Swimming in Magazines

Magazine executives spent much of last year telling anyone who would listen that they were taking their brands digital. Now five leading magazine publishers are extolling the “power of print.” They will spend millions of dollars on an ad campaign saying that magazines remain an effective advertising medium in the age of the Internet because of the depth and lasting quality of print, compared with the ephemeral nature of much of the Web’s content.

Five lessons from my e-book experiment

Five lessons from my e-book experiment
1. The weight is a nice advantage
2. Page turning is less irritating than you’d think
3. Being able to search a book is very useful
4. Text formatting can be annoyingly sloppy
5. Availability of titles is the biggest problem
"The result of the experiment? I’m back to reading books on paper. I’ll explain why in a moment but here are five things I learned from my e-reading experiment."

Emerging Trends and Technologies in Libraries and Information Services Blog

The aim of the International Symposium on Emerging Trends and Technologies in Libraries and Information Services (ETTLIS-2010) is, once again, to bring researchers, academicians, business community and research scholars on a common platform to share their experiences, innovative ideas and research findings about the aspects of emerging trends and technologies in the field of knowledge resource centres and information services.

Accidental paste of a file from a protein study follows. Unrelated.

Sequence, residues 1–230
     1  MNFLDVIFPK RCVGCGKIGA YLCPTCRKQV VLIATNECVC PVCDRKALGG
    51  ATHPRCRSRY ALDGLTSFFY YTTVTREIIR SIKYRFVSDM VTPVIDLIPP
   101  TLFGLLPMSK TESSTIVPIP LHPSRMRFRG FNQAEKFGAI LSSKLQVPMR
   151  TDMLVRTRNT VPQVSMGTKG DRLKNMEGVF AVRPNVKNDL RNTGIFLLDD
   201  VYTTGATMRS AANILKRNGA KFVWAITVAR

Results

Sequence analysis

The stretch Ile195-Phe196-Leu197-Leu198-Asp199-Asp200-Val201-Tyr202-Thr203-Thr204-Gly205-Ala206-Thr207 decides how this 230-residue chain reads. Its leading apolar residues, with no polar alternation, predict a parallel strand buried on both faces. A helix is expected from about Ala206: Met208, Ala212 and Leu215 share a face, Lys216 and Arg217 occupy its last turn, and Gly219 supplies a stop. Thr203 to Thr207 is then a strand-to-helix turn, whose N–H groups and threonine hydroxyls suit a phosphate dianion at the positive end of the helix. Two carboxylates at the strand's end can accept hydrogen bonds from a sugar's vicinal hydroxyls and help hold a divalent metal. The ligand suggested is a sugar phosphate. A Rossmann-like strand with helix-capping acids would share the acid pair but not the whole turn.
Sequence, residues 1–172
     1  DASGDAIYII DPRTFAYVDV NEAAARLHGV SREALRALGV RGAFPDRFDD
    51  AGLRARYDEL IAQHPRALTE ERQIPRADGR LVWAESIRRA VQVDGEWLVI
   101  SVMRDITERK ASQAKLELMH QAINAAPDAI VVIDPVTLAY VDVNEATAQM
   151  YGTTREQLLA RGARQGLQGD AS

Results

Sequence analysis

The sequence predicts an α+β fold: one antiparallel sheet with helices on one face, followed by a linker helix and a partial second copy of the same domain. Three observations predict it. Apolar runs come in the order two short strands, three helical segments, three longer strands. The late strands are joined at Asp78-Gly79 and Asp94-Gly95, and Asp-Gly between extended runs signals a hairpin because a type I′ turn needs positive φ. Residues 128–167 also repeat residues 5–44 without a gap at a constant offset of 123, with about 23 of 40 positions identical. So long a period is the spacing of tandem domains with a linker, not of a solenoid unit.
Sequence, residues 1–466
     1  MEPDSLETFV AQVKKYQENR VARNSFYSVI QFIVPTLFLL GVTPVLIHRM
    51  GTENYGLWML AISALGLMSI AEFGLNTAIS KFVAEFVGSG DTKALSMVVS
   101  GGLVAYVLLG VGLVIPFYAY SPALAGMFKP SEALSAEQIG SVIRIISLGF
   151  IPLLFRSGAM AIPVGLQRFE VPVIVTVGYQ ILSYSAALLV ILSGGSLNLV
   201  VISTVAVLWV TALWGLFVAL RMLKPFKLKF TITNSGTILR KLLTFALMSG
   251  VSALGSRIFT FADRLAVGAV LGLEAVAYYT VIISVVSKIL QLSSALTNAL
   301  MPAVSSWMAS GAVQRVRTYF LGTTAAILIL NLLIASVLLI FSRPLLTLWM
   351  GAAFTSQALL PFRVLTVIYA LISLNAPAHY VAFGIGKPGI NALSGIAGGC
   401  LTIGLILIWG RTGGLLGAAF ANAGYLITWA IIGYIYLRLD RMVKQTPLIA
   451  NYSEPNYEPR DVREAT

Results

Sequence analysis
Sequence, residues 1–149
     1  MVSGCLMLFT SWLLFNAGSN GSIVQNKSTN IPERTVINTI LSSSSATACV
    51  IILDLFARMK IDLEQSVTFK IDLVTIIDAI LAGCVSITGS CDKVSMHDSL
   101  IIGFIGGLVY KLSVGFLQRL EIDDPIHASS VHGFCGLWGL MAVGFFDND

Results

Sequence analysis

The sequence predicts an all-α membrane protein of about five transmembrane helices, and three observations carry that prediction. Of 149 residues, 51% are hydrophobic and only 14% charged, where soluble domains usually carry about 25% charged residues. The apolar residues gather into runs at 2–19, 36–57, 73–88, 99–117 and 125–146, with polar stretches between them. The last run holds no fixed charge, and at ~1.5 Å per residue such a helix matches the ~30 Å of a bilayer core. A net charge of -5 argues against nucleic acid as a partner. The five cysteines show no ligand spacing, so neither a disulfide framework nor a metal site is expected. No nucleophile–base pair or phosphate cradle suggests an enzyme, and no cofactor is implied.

Access blog at: ETTLIS 2010 http://ettlis2010.ning.com/profiles/blog/list

EBSCO's exclusive content

Via Joyce Valenza's blog Neverendingsearch on School Library Journal:

"At two of the luncheons I attended, EBSCO revealed they now have an exclusive deal to provide the content of many of our most popular, popular magazines. [...]

The publishers of a number of popular magazines, concerned that library users were accessing their content for free and not subscribing to their publications, sought a strategy to recover lost revenue.

They told the database vendors they were going to go with one, and only one aggregator and that they wanted a substantial price for their content.

The publishers solicited RFPs (requests for proposals) and EBSCO, at a very substantial cost, won the bid."